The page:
H.B. 5248 An Act Concerning Collateral Consequences of Criminal Convictions on Occupational Licensing
DATE: March 03, 2022
TO: Labor and Public Employees Committee
FROM: Julia Wilcox, Senior Public Policy & Division Advisor, The Alliance
RE: H.B. 5248: An Act Concerning Collateral Consequences of Criminal Convictions on Occupational Licensing
Good morning, Senator Kushner, Representative Porter, Senator Sampson, Representative Arora, and distinguished members of the Labor and Public Employees Committee:
Thank you for the opportunity to provide testimony in support of H.B. 5248, An Act Concerning Collateral Consequences of Criminal Convictions on Occupational Licensing.
We commend the Committee for introducing this legislation and acknowledging the critical importance of meaningful employment opportunities for persons engaged in the reentry process after incarceration. This bill would address the collateral occupational licensing consequences of a criminal record, initially establishing a Council to review and eliminate the consequences that exist within our state’s occupational licensing.
The National Inventory of Collateral Consequences of Conviction references more than 550 collateral consequences for those living with a criminal record.i H.B. 5248 would be an important step in addressing issues related to meaningful employment, which are among the most impactful consequences. The proposed legislation would allow access to a range of occupational licenses to people with criminal records by requiring consideration of whether a criminal conviction is reasonably related to the ability to safely or competently perform the duties or responsibilities associated with the license. Currently, five states have adopted provisions related to discrimination based on records of arrest or conviction in their fair employment law. As a national leader of criminal justice reform, Connecticut should adopt similar provisions.
Enhancing employment opportunities would also improve public safety by reducing recidivism rates and improve the fiscal outlook not only for these individuals and their families, but for communities across the state.
One in three Americans has some type of criminal record, which can create lifelong barriers to opportunity for them and their families. A criminal record should not be a life sentence to poverty. People who have served their time deserve a fair opportunity for a better future. To better achieve equity, especially across race and income, barriers to employment, education, and housing must be removed.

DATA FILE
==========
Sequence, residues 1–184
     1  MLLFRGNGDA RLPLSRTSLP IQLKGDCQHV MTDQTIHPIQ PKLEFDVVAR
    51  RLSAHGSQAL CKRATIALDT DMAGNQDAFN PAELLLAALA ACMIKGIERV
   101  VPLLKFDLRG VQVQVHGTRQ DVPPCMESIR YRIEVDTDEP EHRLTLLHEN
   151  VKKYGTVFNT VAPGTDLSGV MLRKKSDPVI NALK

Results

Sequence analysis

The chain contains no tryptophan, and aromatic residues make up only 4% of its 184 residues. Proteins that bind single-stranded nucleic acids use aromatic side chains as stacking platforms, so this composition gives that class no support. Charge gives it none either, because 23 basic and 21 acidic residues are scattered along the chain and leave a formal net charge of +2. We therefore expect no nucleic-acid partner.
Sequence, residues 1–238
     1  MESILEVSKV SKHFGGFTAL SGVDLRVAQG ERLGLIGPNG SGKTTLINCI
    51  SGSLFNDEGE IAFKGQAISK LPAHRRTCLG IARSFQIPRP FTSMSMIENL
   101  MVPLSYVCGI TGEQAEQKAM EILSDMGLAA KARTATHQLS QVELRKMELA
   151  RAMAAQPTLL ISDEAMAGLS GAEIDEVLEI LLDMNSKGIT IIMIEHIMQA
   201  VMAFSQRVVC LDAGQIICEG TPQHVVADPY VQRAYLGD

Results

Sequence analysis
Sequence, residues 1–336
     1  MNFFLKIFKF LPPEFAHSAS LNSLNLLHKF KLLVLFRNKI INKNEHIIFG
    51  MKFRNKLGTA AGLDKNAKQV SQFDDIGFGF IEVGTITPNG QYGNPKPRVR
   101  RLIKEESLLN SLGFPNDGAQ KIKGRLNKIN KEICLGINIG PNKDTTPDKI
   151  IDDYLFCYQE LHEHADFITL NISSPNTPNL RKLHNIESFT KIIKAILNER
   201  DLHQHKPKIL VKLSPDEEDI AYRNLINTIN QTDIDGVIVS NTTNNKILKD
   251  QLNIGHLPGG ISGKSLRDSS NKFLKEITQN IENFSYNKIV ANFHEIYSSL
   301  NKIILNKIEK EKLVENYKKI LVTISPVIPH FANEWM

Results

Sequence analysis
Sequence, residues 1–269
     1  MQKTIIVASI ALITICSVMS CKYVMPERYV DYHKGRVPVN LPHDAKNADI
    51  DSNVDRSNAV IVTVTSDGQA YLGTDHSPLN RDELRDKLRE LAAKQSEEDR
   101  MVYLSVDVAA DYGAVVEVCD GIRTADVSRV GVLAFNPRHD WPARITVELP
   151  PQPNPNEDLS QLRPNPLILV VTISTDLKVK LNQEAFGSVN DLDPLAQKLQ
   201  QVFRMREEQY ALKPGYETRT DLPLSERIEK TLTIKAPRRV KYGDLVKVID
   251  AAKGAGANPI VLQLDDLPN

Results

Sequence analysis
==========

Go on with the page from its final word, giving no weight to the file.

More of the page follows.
Most criminal justice research focuses on the effectiveness of programs that seek to reduce recidivism by changing offender attitudes and behavior. Reductions in recidivism translate to breaking the cycle of crime and
poverty. The proposed legislation continues the efforts of the legislature to build on past success, maintain momentum of the Second Chance Society Initiative, and provide the tools necessary to ensure that these returning citizens are actively engaged and invested in the reentry process, their families, and their communities.
In addition to the proposed legislation, we urge your continued support of reentry services within the community which are essential to the ongoing success of the previous Second Chance Society Initiative. According to the January 2022 OPM Monthly Indicators Reportii, community providers are serving approximately 3,300 people in programs which are funded by Department of Corrections. Thousands more receive services through providers that contract with the Court Support Services Division of Judicial Branch.
Community nonprofits in Connecticut work to reintegrate former offenders into their communities. Community Justice providers support justice-involved individuals and their families, as well as survivors of crime. These programs, funded by the Department of Correction and the Court Support Services Division of the Judicial Branch, continue to play an essential role in the ongoing success related to criminal justice reform in Connecticut.
Once again, The Alliance urges the committee to support H.B. 5248. The ability of the state to ensure continuation of the criminal justice reforms that have positioned Connecticut as a national leader, is greatly dependent on a sustainable system of services, as provided by the nonprofit sector.
Thank you for your consideration of these important issues.
Julia Z. Wilcox, Senior Public Policy & Division Advisor
i National Inventory of Collateral Consequences of Conviction: https://niccc.csgjusticecenter.org/database/results/?jurisdiction=260&consequence_category=&narrow_category= &triggering_offense_category=&consequence_type=&duration_category=&page_number=1
ii January 2022 OPM Monthly Indicators Report: https://portal.ct.gov/-/media/OPM/CJPPD/CjResearch/MonthlyIndicators/2022-MONTHLY-INDICATOR-REPORTS/Monthly-Indicators-Report-2022-January.pdf
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